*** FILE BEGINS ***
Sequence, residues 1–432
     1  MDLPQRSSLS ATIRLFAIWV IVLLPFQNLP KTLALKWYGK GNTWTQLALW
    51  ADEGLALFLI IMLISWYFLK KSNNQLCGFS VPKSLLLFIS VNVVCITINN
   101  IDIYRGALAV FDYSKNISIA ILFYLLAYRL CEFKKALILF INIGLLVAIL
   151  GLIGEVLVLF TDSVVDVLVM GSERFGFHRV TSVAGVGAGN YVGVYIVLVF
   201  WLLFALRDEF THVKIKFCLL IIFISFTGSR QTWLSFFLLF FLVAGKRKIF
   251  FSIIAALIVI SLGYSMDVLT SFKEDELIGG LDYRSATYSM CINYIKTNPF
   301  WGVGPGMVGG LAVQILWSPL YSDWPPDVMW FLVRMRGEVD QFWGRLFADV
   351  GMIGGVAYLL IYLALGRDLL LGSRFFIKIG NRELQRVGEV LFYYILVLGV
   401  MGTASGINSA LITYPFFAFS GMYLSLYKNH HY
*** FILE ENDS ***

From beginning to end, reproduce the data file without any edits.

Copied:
Sequence, residues 1–432
     1  MDLPQRSSLS ATIRLFAIWV IVLLPFQNLP KTLALKWYGK GNTWTQLALW
    51  ADEGLALFLI IMLISWYFLK KSNNQLCGFS VPKSLLLFIS VNVVCITINN
   101  IDIYRGALAV FDYSKNISIA ILFYLLAYRL CEFKKALILF INIGLLVAIL
   151  GLIGEVLVLF TDSVVDVLVM GSERFGFHRV TSVAGVGAGN YVGVYIVLVF
   201  WLLFALRDEF THVKIKFCLL IIFISFTGSR QTWLSFFLLF FLVAGKRKIF
   251  FSIIAALIVI SLGYSMDVLT SFKEDELIGG LDYRSATYSM CINYIKTNPF
   301  WGVGPGMVGG LAVQILWSPL YSDWPPDVMW FLVRMRGEVD QFWGRLFADV
   351  GMIGGVAYLL IYLALGRDLL LGSRFFIKIG NRELQRVGEV LFYYILVLGV
   401  MGTASGINSA LITYPFFAFS GMYLSLYKNH HY